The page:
Monday, December 31, 2012

What A Year!

CONGRATULATIONS to us all for having survived the dreaded Mayan doomsday clock last Friday.

However 2012 will not be as lucky when it rings out its last chimes just before midnight on Monday next week.

But what an incredible year it was for the disabled community!

Looking back through my columns, 2012 was certainly an occasion to celebrate events - as well as the personal achievements of Malaysians with disabilities in the country.

The start of the year gave me personally plenty of reasons to be thankful about.
I managed to keep my pressure sores this year at bay as in 2011.

The trick is through close therapy with my dogs and some good friends.

My canines did what they do best: keep me focused on the positive things in life. My human pals, on their part, helped out when I needed it most: hospital visits, errands and a listening ear.

On a larger scale, advocates for the handicapped in Malaysia called for inclusion of disabled persons in all matters involving them.

They also asked to add more bite into our local Disabled Persons Act as well as for all relevant authorities to observe The UN Convention on the Rights of Persons with Disabilities of which Malaysia is a signatory.

Recall my article “How to train a dragon” about my rambunctious “little” Zhar the Doberman who turned one year old in January? 

Well, the four-legged service dog wonder is pretty much grown up now and just rearing to celebrate his two year old birthday next month!

He’s pretty much graduated from “wheelchair-school.” He can adeptly pick up things for me that I can’t do from my wheelchair.

He’s an expert with portable urinals to more delicate things like my toothbrush and even coins! (Psst, don’t tell him but a surprise party is already in the pipeline for my amazing Dobie.)

Volunteers are a true godsend to all Malaysian with disabilities.

I had the privilege to write about 24-year old Amir Tayebi from Seremban in March who spent most of his weekends for three months helping me out under a leadership programme.

The best part is that the experience was not only beneficial for one side but both. 

Said Amir afterwards:
“I discovered that it is not the disabled who are handicapped but society who has made them that way.”

Who can forget how Sally Lim, 68, and her husband Ivan, 74, “conquered” Parkinson’s!  The insidious disease attacked them 25 years ago only to make them stronger now than ever before.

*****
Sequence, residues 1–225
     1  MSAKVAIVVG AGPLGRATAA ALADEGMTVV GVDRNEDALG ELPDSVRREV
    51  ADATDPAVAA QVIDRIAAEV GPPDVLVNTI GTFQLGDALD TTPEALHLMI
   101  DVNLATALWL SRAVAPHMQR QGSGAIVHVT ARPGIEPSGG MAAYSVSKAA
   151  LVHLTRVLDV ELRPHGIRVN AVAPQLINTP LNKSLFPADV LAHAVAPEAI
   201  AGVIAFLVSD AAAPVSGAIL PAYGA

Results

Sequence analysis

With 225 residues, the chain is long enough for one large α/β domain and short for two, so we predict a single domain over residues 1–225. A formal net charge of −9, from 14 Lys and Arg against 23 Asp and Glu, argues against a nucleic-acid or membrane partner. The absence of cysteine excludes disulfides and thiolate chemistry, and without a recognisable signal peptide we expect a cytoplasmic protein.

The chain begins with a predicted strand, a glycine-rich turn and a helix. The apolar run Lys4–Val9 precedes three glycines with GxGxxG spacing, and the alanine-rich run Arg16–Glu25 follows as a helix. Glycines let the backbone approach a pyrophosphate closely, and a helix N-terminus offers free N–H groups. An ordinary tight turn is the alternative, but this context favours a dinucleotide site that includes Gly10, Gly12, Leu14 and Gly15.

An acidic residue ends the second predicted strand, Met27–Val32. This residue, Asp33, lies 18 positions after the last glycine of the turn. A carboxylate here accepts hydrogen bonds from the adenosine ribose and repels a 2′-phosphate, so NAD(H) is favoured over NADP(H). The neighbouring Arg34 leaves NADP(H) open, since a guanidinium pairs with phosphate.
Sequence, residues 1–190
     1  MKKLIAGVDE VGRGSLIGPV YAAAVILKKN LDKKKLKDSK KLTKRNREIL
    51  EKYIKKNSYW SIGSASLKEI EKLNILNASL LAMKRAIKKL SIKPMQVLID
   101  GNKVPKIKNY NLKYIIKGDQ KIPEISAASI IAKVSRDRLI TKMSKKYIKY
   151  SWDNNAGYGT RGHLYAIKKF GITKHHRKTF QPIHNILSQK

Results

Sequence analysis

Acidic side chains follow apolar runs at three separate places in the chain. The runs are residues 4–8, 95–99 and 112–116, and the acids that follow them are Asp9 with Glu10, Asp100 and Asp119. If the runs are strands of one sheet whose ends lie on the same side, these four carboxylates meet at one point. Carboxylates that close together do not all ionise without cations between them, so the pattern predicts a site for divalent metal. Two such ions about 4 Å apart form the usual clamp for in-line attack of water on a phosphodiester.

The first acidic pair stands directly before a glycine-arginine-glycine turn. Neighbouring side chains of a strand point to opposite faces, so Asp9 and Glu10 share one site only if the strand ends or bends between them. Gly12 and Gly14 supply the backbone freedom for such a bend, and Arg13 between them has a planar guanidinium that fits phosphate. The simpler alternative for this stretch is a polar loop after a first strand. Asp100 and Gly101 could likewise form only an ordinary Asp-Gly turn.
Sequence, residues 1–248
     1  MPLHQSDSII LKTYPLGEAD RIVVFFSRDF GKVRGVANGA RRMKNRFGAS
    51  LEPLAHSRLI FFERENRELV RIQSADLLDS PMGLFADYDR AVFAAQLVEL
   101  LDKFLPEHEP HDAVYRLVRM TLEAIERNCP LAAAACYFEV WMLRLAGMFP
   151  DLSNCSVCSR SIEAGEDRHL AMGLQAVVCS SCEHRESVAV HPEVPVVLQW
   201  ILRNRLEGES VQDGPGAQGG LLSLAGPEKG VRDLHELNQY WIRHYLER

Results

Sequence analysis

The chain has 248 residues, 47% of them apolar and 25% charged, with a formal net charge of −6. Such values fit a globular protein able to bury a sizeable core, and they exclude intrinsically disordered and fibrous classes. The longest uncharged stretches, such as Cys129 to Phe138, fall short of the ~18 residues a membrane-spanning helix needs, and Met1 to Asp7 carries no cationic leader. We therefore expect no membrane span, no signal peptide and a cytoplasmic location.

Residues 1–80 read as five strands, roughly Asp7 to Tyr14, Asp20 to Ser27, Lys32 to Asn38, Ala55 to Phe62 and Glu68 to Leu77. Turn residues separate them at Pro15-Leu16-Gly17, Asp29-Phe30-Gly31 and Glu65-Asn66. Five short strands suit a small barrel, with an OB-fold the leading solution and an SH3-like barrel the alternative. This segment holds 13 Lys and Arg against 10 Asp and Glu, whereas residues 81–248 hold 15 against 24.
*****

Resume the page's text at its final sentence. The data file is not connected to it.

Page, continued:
“The secret is to never give up, even when the going is tough,” said Sally who is caregiver of Ivan who has the disease.

It’s tough enough to have one handicap. But what if you have two?  

Choo Kim Yoon, 44, shared his experience living as a deaf-blind individual.

Becoming blind as a toddler and then losing his hearing as a teenager, Choo had a difficult time making friends.

“People are not always willing to talk with you once they discover that you have a hearing problem on top of your blindness,” Choo explained.

But that’s NO excuse not to invite us for parties and functions, he argued, as the deaf-blind people too yearn for social events.
Imagine if you were disabled and had to live in your car for two years!

In June, I joined in a wheelchair-protest with about 30 people against a local council who made a wheelchair user do exactly that because of sheer apathy.

The council acted at once and got him a flat of his own within 48 hours. But that was only after seeing some very fuming and red-faced Malaysians in wheelchairs.

However, the question remains: Does it have to take such a drama to put people who truly need help as a priority?

“Monsters in our midst” was the title of my column in August. It was about two young foreigners who threw a hapless puppy down a manhole in Cyberjaya.  

The heinous act left us all to wonder what causes people to behave such a way in our society?

In the same month, the blind community sadly lost a true crusader in doing good by the name of Francis Chan. What a sharp contrast he was to the Cyberjaya incident in his life and legacy.

Francis, 64, was always cheerful being blind as a child. He would rush out and help anyone in need. Most of all, he was known for his excellent sense of humour that never failed to light up the life of everyone he met. 

Finally the 13th Paralympics in London in September offered scores of disabled sportspersons an opportunity to shine like the sun in all their glory.  

But to me, the real showcase of the more than 4,000 of the best disabled athletes from 164 countries was the simple message that  it’s not disabilities that handicap us but people’s attitudes.

A blessed 2013 everyone from Wheel Power!

The End

PET+BLOGSPOT is the ONLINE BLOG of the Malaysian Animal-Assisted Therapy for the Disabled and Elderly Association or Petpositive. Our stories are CURRENT, ACCURATE and RELIABLE. We offer both local and foreign news on animals, disability and the elderly. PET+BLOGSPOT was first established in October 2007. Our hits since then are now 150,000 and ever increasing! PET+BLOGSPOT is updated daily. Kindly note that views expressed in PET+BLOGSPOT are not necessarily those of PETPOSITIVE. You may also visit our Webpage by browsing: You can also find us in Facebook under PETPOSITIVE EMPOWERMENT. Please sign up as a FOLLOWER of this Blog if you haven't done so already in order to show us your kind support for our work. Thank you!

1 comment:

Play angry Birds said...

Wish you happy new year to you and your family ..nice article..